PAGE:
Claims that people with disabilities are viewed as asexual or that the elderly are viewed as asexual function somewhat differently from claims that children and women aren't asexual, though they seem to have similar purposes as each other. One is to challenge how people think about such groups--including people in these groups themselves--and another is either to provide sex education for people in these groups or to advocate for such education. Also, these claims are made to challenge how institutions are run (i.e. nursing homes), since often they do not make for opportunities for sexual encounters for people living there for extended periods of time.
(Note: For those who are interested, the second earliest article on asexuality referenced on asexualove.net's library is about asexuality and disability. It affirms asexuality as a valid lifestyle choice for people. "Asexuality is an option and you have every right to choose it. Plenty of people -- with or without disabilities -- make that decision, and would tell you they have very fulfilling lives.")
My suspicion is that if the claims that the elderly and people with disabilities are not asexual were examined more closely, as with women, according to the definitions used, some people are asexual. Moreover, the understanding of what it is to be sexual, and thus what it would be to be asexual, is different in each case. If the claim that all people are sexual beings is an extension of claims that groups X, Y, and Z are considered asexual, but they really aren't, then we should reject the claim that are people are sexual beings. The definition used to establish the sexuality of each group (excepting children because the claim that children aren't asexual might not mean anything at all) would imply that some people are asexual. But it would imply a different group of people being asexual in each case. I’m not sure if this is the motivation for claiming that all people are sexual (or, rather, one of the motivations), but I have found some evidence to suggest that it is. On the website for the Capital Area Center for Independent Living, they provide information about sexuality for people with disabilities.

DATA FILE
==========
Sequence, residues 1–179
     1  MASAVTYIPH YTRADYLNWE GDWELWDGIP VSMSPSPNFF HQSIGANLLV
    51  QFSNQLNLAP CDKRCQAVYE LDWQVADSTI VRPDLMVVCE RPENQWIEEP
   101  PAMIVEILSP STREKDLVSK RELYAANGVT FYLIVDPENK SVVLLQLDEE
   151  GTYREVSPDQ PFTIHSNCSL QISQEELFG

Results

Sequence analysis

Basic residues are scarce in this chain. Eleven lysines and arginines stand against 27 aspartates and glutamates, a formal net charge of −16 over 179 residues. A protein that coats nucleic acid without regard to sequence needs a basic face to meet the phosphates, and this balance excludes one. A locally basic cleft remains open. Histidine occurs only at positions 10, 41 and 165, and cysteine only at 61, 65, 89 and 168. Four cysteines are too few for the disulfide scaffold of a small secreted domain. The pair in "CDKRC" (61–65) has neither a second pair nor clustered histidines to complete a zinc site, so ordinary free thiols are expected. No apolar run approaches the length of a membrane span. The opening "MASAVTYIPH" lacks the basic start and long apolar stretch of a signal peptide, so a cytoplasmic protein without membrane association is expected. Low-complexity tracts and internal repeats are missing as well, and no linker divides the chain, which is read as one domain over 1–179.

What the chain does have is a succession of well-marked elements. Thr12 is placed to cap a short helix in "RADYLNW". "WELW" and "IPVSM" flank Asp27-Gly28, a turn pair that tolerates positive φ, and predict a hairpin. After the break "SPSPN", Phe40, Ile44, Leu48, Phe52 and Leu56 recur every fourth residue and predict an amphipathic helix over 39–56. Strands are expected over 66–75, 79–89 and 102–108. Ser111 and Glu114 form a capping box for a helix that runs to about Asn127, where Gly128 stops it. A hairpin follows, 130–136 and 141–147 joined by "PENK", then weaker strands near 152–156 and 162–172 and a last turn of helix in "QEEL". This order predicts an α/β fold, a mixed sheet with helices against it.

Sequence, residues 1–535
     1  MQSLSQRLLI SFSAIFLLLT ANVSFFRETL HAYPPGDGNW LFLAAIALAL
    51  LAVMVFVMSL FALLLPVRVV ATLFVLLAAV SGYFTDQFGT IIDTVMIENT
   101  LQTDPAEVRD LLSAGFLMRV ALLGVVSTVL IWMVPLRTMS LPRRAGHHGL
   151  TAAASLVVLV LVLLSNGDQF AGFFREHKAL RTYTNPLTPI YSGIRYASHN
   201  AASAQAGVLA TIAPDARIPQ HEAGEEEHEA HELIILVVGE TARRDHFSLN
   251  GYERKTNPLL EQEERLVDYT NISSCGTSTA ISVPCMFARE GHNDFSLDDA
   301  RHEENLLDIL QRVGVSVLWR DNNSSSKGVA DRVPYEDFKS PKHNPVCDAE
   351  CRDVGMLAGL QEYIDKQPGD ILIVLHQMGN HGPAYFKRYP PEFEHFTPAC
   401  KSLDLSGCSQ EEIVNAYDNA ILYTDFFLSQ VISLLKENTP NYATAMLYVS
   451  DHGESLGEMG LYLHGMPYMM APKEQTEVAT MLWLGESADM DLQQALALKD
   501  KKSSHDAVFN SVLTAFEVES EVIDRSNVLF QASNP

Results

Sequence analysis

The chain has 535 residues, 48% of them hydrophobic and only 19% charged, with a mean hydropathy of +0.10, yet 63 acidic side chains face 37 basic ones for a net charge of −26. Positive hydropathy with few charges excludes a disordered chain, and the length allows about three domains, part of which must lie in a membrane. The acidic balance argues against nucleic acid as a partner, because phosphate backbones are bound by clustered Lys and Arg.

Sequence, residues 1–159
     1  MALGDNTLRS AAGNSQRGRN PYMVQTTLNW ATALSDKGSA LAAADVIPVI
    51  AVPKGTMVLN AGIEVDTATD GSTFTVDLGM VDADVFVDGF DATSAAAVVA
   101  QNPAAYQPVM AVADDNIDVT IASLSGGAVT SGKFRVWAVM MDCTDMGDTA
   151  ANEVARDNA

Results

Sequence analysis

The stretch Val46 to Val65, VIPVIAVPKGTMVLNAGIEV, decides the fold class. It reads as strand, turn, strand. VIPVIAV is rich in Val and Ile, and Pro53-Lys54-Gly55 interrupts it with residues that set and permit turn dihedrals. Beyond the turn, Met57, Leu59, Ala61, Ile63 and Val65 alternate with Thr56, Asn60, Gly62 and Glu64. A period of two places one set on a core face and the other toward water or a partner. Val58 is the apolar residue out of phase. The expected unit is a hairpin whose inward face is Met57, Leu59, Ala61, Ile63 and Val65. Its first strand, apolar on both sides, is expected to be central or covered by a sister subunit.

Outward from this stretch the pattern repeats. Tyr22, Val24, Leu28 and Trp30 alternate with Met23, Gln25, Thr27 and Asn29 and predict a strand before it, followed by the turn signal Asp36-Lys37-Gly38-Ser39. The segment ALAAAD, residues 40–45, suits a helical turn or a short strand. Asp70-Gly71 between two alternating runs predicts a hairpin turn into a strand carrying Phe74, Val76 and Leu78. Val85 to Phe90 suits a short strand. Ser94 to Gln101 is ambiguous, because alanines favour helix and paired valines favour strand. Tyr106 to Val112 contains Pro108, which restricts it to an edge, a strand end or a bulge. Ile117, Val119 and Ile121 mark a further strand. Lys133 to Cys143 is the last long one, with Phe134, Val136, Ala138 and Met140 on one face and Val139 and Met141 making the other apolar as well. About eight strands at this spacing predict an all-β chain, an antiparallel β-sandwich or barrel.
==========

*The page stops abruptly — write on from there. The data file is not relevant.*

Myth 1: People with disabilities and chronic illnesses are not sexual.This suggests that at least in some cases, there is a strong relationship between saying members of a certain group aren't asexual and saying that all people are sexual. This brings us to the end of the section of this series on saying yes, all people are sexual, even asexuals. At the beginning of this section of this series, I said that there are two major challenges that such an option faces. 1.) What is meant by saying that all people are sexual? 2.) What is the motivation for saying it? I think that the past few posts have shown that the answer to (1) is not at all clear, and the answer to (2) should be highly suspect from an asexual perspective. This brings us to the third major option for answering the question of whether all people are sexual beings: Huh? I'm not sure that I understand the question. In this part of the series, I intend to raise even more serious doubts concerning these two questions. After concluding I have no idea what is being claimed, I will try to examine how such claims function rather than what they mean. This will move us to the final part of this series: challenging the assertion that all people are sexual beings.
Fact: All humans are sexual, regardless of how we express our sexuality.
But first, story time.